Jagdeep Singh

I don’t think that we’re seeing anything fundamentally differently from what we’ve seen in the past and this is a pretty competitive business. In any given deal, certain competitors maybe more or less aggressive depending on what they are trying to accomplish with the customer, but I would say in general it’s nothing that we’ve seen or we’re seeing any dramatic shift in what the Chinese or anybody else has been doing in the customer base.

Mark Sue - RBC Capital Markets

If I look at your customer base, I was wondering if you guys are seeing any impact in terms of payments, and if I look at DSOs, I know they were down against 55 days from 57 last quarter, but if I remember correctly you said second quarter was impacted by 10 days. So if you back that out, it looks like they may have been off and I was wondering if you could comment on that.

Jagdeep Singh

No. It just depends when we shift stuff and how it flows within the quarter, but if you looked at the detailed accounts receivable aging, which we do all the time, it’s extremely current and up to date, but you raised a good point in this environment. So at this point, we intend to scrutinize a little bit more, but we’ve been pretty happy with not much change there at all. But again, we’re scrutinizing things a little bit more and asking a lot more questions, but so far so good and hopefully we won’t have any issues there.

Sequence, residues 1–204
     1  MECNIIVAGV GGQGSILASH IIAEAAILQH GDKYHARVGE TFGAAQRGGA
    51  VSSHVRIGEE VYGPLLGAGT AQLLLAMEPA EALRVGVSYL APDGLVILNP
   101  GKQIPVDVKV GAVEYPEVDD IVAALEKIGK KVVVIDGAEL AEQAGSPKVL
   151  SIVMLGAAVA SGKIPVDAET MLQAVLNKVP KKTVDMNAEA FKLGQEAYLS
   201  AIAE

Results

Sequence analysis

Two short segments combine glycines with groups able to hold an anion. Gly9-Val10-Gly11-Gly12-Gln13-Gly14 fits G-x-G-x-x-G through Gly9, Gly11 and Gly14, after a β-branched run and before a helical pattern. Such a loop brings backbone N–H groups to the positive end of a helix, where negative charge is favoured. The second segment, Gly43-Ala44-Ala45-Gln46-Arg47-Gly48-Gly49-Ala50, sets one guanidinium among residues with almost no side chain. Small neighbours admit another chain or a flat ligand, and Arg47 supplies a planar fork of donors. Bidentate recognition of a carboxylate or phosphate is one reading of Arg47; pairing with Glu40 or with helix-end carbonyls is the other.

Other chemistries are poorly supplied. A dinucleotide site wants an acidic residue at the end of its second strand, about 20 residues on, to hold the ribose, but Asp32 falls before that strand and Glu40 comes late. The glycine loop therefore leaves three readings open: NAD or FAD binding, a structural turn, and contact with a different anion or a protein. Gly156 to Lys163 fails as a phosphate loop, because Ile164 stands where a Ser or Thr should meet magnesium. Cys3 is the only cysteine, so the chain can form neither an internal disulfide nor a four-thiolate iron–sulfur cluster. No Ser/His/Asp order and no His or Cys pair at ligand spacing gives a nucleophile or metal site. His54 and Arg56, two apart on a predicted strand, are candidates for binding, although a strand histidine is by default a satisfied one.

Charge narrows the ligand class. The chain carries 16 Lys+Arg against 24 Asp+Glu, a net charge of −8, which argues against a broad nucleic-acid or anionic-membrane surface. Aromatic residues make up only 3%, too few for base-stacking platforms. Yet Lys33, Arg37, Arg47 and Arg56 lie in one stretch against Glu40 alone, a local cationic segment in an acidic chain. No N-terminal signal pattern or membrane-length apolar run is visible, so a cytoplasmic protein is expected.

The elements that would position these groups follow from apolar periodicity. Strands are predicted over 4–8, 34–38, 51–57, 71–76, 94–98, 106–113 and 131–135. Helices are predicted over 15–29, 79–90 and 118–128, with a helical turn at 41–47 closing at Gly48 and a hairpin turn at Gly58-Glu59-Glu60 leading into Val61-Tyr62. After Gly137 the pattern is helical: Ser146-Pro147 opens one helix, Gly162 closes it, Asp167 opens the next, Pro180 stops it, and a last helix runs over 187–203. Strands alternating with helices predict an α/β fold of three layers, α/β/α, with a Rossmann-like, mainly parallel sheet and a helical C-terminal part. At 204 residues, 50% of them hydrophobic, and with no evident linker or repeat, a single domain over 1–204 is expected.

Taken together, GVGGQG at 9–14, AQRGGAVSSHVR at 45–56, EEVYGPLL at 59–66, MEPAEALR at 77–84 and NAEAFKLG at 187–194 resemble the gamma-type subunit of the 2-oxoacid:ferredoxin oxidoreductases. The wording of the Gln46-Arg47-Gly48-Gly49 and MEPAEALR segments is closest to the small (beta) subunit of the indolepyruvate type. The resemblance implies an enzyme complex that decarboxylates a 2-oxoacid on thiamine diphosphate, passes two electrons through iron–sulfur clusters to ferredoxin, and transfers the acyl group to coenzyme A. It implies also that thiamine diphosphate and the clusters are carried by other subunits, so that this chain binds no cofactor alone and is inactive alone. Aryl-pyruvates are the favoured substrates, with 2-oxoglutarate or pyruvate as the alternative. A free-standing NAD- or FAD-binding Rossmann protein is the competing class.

Mark Sue - RBC Capital Market

There is not residual gross margin impact from DT in the fourth quarter?

Jagdeep Singh

Correct.

Operator

The next question is from George Notter of Jefferies & Co.

George Notter - Jefferies & Co.

Any commentary on the availability of the metro platform, is it sometime next year we could expect to see a product in that market segment?

Jagdeep Singh

I think what we’ve said is that it’s a phase of interest to us, but we’ve not really said about any specific products or timeframes and we think we’ll just stick with that for now.

Operator

The next question is from [Unidentified Analyst].

[Unidentified Analyst]

When you mentioned restricted cash, I am assuming that’s referring to the adjustable rates and at what level is that?

Duston M. Williams

No, it isn’t actually. I believe it’s a fairly immaterial amount of a couple of million dollars that, I don’t know if it’s LC based or something along those lines, but it’s a very small amount. We just collect all the terminology classifications and just pile them all in there just to add up the total cash.

[Unidentified Analyst]

To your cash? It is liquid then?

Duston M. Williams

Well, we’ve disclosed several times in the Qs and the K the auction rate securities, and we’ve got $75 million of those, $65 million of those reside with UBS and they’ve reached an agreement with the SEC to purchase those back from us at par between now and latest of June 2010.